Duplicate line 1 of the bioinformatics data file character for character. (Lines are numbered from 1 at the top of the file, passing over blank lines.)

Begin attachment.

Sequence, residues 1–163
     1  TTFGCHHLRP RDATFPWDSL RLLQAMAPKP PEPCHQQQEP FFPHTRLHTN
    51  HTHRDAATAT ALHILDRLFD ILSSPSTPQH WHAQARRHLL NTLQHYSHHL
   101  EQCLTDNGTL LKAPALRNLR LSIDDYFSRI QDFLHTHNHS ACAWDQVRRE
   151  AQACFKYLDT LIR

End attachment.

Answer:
Sequence, residues 1–163